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Harper's Encyclopedia of United States History (ed. Benson Lossing) 2 0 Browse Search
Cambridge History of American Literature: volume 3 (ed. Trent, William Peterfield, 1862-1939., Erskine, John, 1879-1951., Sherman, Stuart Pratt, 1881-1926., Van Doren, Carl, 1885-1950.) 2 2 Browse Search
Medford Historical Society Papers, Volume 15. 2 0 Browse Search
Benjamin Cutter, William R. Cutter, History of the town of Arlington, Massachusetts, ormerly the second precinct in Cambridge, or District of Menotomy, afterward the town of West Cambridge. 1635-1879 with a genealogical register of the inhabitants of the precinct. 1 1 Browse Search
Medford Historical Society Papers, Volume 7. 1 1 Browse Search
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Cambridge History of American Literature: volume 1, Colonial and Revolutionary Literature: Early National Literature: Part I (ed. Trent, William Peterfield, 1862-1939., Erskine, John, 1879-1951., Sherman, Stuart Pratt, 1881-1926., Van Doren, Carl, 1885-1950.), Chapter 9: the beginnings of verse, 1610-1808 (search)
ymes. Despite occasional variety of form in six-line stanza or quatrain, there is little variety of tone or style; and in all these thousands of lines scarcely a line of genuine poetry, or a single poem worth preservation in its entirety. The succession of these elegies is surprisingly unbroken for at least forty years. Both authors and subjects are in the main the divines who controlled the destinies of New England and who provided its literature. When such an elegy as that on the Rev. Thomas Shepard by the Rev. Urian Oakes, president of Harvard, is discovered amid this dreary elegiac waste, its merits are sure to be exaggerated. This poem in fifty six-line stanzas, though commonplace in thought and style, is not without pathos, and gives an impression of sincerity. But the Rev. Urian Oakes himself was not so fortunate in his elegist, no less a person than the Rev. Cotton Mather, the most prolific elegist of his time. His elegy on Oakes reaches a length of over four hundred l
Cambridge History of American Literature: volume 1, Colonial and Revolutionary Literature: Early National Literature: Part I (ed. Trent, William Peterfield, 1862-1939., Erskine, John, 1879-1951., Sherman, Stuart Pratt, 1881-1926., Van Doren, Carl, 1885-1950.), Index. (search)
(N. P. Willis), 243 n. Self, 230 Self-Reliance, 336, 352 Sella, 263 n., 273, 281 Seneca, 116 Seneca Lake, 279 Sentiments of a British American, 127 Sertorius, the Roman patriot, 224 Seventy-six, 309 Sewall, Samuel, 48, 54 Shaftesbury, 93, 102, 109, I16 Shakespeare, 4, 12, 110, 112, 118, 211, 265 Sharpe, Colonel, 224 She would be a soldier, 220, 226 Shelburne, Lord, 91 Shelley, 261, 268, 274, 279, 290, 326, 346 Shenstone, 176, 178, 178 n. Shepard, Rev., Thomas, 153 Sheppard Lee, 311 Sherman, Roger, 148 Sherman, General W. T., 317 Shipley, Bishop, 91 Shippen, Joseph, 122 Shirley, Governor, 106 Sidney, Algernon, 105, i18 Sievers, 275 Sigismund of Transylvania, 18 Sigurd the Volsung, 261 Silence Dogood, 94, 113 Silsbee, Joshua, 227 Simms, W. G., 224 n., 231, 307, 308, 312-318, 319, 324 Simonides, 359 Simple Cobbler of Aggawam, the, 39 Sinners in the hands of an angry God, 60 Sir Charles Grandison,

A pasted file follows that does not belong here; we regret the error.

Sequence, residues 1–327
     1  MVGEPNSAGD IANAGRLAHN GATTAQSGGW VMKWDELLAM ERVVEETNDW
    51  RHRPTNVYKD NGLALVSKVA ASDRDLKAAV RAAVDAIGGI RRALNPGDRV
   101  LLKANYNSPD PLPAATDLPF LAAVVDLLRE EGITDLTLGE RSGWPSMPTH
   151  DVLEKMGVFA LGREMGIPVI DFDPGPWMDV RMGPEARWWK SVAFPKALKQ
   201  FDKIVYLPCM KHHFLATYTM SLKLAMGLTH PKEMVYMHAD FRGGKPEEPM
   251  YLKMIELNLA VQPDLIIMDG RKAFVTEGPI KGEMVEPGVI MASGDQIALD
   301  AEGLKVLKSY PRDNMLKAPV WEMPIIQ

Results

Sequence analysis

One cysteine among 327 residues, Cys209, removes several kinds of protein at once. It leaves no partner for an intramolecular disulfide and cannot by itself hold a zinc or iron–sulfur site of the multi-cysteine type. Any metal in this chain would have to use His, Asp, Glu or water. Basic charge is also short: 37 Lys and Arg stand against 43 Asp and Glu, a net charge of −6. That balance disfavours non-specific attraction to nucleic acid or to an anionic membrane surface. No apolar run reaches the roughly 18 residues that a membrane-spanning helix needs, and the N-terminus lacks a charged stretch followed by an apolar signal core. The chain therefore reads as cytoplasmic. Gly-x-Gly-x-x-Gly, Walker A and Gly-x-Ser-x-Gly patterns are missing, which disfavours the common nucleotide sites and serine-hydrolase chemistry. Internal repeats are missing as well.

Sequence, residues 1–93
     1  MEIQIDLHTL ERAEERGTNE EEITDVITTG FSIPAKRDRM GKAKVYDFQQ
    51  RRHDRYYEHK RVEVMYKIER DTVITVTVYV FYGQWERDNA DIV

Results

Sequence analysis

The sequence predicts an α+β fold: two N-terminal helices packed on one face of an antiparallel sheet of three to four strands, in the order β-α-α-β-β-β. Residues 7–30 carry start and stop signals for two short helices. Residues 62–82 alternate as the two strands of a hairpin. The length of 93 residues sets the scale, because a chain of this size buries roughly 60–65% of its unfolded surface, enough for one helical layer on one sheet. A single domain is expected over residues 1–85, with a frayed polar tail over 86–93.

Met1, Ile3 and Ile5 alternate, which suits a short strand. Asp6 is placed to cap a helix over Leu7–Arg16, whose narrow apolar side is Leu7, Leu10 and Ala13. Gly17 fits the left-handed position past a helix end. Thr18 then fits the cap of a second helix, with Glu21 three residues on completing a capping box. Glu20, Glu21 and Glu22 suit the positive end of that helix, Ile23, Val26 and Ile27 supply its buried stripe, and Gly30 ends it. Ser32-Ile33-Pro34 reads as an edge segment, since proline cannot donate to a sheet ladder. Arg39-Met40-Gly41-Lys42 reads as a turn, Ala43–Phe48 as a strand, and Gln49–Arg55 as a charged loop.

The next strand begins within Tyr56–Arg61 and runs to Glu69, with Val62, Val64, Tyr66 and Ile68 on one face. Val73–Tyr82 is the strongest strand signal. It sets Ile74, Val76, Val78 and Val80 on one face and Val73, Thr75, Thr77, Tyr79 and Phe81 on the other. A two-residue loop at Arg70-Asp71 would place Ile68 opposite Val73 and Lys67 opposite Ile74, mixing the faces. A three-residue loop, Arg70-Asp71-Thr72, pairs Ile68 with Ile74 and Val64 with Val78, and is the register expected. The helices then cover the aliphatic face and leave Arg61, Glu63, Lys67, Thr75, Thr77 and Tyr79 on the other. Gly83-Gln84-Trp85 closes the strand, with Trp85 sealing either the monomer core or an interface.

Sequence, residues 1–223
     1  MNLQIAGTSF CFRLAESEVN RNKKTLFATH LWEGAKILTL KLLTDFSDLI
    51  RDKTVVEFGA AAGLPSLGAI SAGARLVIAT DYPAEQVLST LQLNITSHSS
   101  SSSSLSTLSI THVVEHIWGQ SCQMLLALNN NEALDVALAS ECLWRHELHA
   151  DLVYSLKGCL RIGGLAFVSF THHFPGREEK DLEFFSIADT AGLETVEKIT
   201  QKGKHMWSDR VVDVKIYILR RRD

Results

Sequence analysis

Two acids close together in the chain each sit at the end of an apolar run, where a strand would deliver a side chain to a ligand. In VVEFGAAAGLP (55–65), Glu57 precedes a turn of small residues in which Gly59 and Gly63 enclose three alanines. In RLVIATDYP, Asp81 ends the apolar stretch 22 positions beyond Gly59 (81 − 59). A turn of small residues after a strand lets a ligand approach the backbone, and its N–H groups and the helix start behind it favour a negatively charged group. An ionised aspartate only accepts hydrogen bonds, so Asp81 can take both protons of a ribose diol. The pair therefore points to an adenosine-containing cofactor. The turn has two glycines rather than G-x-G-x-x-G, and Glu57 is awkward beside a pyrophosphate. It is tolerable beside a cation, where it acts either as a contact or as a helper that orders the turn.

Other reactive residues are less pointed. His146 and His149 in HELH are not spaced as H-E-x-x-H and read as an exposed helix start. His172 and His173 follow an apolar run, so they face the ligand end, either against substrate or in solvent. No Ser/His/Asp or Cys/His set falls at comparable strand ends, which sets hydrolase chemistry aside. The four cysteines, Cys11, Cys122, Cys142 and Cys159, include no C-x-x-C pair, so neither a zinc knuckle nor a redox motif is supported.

Thomas Wentworth Higginson, Henry Walcott Boynton, Reader's History of American Literature, Chapter 1: the Puritan writers (search)
se to expression which, ultimately developed, creates literature. ProfessorWendell says truly of Mather that he frequently wrote with a rhythmical beauty which recalls the enthusiastic spontaneity of Elizabethan English, so different from the English which came after the Civil War. It is when a Puritan clergyman ceases to be theological that he is most apt to touch our hearts and delight our ears. We find in Mather, for instance, this rhythmical beauty when he describes the career of Thomas Shepard, the first minister of Cambridge, as a trembling walk with God, or gives this picture (1702) of what he calls The conversation of gentlemen : There seems no need of adding anything but this, that when gentlemen occasionally meet together, why should not their conversation correspond with their superior station? Methinks they should deem it beneath persons of their quality to employ the conversation on trifling impertinences, or in such a way that, if it were secretly taken in shor
Thomas Wentworth Higginson, Henry Walcott Boynton, Reader's History of American Literature, Index. (search)
Concord, Battle of, 41. Congress, Continental, 49. Congress, General, 45, 79. Conspiracy of Pontiac, extract from Parkman's, 121. Constitution, Federal, 51, 52. Contemplations, Anne Bradstreet's, 12. Conversation of gentlemen, Shepard's, 19. Cooper, James Fenimore, 92-100, 103, 129, 204, 236, 239, 272. Coquette, Hannah Webster's, 92. Cotton Boll, Timrod's, 205. Courtship of miles Standish, Longfellow's, 142, 144. Crayon M31scellanies, Irving's, 87. Curtis, Geo4. Serene I Fold my hands, Burroughs's, 264. Seven Pines, Battle of, 217. Sewall, Samuel, 27-35. Seward, Miss, Anna, 75, 259. Shakespeare, 1, 108, 138. Shelley, 72, 177, 183, 215, 223, 258, 261, 277, 280. Shelley, Mrs., 71. Shepard, Thomas, 19. Sherman, Gen. W. T., 101. Simms, William Gilmore, 204, 206. Skeleton in armor, Longfellow's, 142. Sketch book, Irving's, 85, 86, 90, 103. Sky Walk, Brown's, 70. Smith, Capt., John, 7. Smith, Joseph, 69. Smoke, Thoreau's, 2
n them, but to those members of their own company who developed independent ways of thinking. The list of motives for emigration ran the whole gamut, from missionary fervor for converting the savages, down through a commendable desire for gain, to the perhaps no less praiseworthy wish to escape a debtor's prison or the pillory. A few of the colonists were rich. Some were beggars or indentured servants. Most of them belonged to the middle class. John Harvard was the son of a butcher; Thomas Shepard, the son of a grocer; Roger Williams, the son of a tailor. But all three were university bred and were natural leaders of men. Once arrived in the wilderness, the pioneer life common to all of the colonists began instantly to exert its slow, irresistible pressure upon their minds and to mould them into certain ways of thinking and feeling. Without some perception of these modes of thought and emotion a knowledge of the spirit of our literature is impossible. Take, for instance,